Choose the Right Trencher for the Job

Insight into how irrigation professionals can choose the best trencher for the job at hand.

Vermeer Corp.

Trenchers come in a wide range of sizes, varying in horsepower and how wide they can cut ditches.

With so many sizes and configurations, how do you choose the right trencher for your next job?

Trencher categories

To begin your search, start with what size trencher you need. The industry will typically group trenchers into three categories.

  • Pedestrian or walk-behind trenchers are used for shallow work, including electrical, irrigation and fiber installs.
  • Utility ride-on trenchers are used for deeper utility installation. They usually work over longer distances in softer soil conditions like clay and loam. This category of trencher is often used for installing fiber, underground distribution electrical lines and connecting solar farms and wind turbines to the electrical grind.
  • Large trenchers are used for cutting deep and wide trenches in hard clay and rocky ground conditions. These impressive machines can help optimize your crews’ production by installing large diameter casing and HDPE pipe at deeper depths. This is often required for performing electrical connections on renewable energy projects, as well as pipeline work for oil and gas, water and sewer, and the hardening (undergrounding) of electrical transmission lines.

Narrowing your search

Within each trencher category, there are various models that could be a fit for your work. Consider these factors to choose which trencher models will deliver the optimal performance for your project:  

  • Required trench depth and width
  • Ground conditions
  • Diameter of the product being installed

You will likely choose a utility or pedestrian trencher for shallower depths in ideal soil conditions. For these categories of trenchers, a suitable model for your needs will largely depend on trench depth and width requirements.

In challenging ground conditions, like rock, you’ll need a larger trencher that can produce more torque to cut a ditch efficiently. Higher torque is also required for cutting deeper and wider ditches.

However, high torque levels come at a cost. Larger trenchers burn more fuel. So, you shouldn’t simply choose the largest trencher model for every project. Instead, select a trencher model that will help you balance productivity with operating efficiency.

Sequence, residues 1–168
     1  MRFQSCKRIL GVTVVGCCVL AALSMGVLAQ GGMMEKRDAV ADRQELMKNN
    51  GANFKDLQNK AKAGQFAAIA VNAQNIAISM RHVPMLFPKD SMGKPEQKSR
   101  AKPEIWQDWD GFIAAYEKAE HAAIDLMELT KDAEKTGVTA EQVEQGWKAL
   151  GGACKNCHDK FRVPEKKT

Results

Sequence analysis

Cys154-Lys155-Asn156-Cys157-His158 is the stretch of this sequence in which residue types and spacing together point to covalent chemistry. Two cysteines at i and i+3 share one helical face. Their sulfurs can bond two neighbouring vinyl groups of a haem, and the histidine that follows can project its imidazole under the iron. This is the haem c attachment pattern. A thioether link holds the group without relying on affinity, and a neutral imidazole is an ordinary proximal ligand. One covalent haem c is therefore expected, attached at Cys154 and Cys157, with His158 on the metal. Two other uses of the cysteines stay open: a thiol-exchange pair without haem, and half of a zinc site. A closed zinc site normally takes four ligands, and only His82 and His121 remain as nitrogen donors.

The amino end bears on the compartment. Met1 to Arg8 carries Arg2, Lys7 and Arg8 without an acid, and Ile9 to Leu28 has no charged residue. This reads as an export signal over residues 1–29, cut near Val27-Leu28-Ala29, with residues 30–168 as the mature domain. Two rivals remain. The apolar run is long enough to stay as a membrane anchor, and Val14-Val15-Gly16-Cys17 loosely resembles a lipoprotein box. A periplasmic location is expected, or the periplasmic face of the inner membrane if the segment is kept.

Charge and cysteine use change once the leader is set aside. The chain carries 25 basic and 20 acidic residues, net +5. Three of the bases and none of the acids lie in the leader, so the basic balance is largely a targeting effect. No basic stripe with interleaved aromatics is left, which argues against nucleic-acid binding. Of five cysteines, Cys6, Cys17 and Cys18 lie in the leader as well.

No matter which category of trencher you need, Vermeer offers one of the industry’s broadest trencher lines in all three trencher categories with multiple models, configurations and attachments. For now, though, let’s take a look at the large trencher category.

Choose a large trencher for your specific application 

Large trenchers are an efficient equipment solution in a wide range of industries. In fact, in challenging ground conditions, a single trencher can be more efficient than excavators. That helps you optimize your labor force and your fleet, as you’ll only need one operator on one machine instead of multiple operators on multiple machines.

Here are a few applications you use a trencher for.

  • Pipelines: For natural gas and oil pipeline installations, the trench has to be cut deep enough to accommodate the pipeline, plus several feet of fill between it and the surface. For this industry, you will likely need to dig deep and wide. 
  • Electrical transmission lines: There will be tremendous growth for this work over the next several years within solar and wind farm construction projects and the hardening (undergrounding) of electrical transmission lines. Electrical lines with HDPE casings are often buried at depths between 6 feet to 8 feet. Trench width can vary based on the size of the bundle of lines being installed.
  • Water and sewer installations: For new urban subdivision development, trenchers are an efficient option for water and sewer installs.
  • Water management: Trenchers can also be deployed on water management projects, including tiling farmland and digging drainage ditches.